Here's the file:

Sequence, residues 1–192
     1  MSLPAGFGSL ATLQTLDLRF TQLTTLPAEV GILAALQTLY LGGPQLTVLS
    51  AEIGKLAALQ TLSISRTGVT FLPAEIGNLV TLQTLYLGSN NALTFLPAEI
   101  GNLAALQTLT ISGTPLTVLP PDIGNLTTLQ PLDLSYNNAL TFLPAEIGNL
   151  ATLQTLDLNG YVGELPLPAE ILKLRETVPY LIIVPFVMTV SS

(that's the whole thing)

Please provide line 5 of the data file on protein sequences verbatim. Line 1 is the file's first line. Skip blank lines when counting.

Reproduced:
   151  ATLQTLDLNG YVGELPLPAE ILKLRETVPY LIIVPFVMTV SS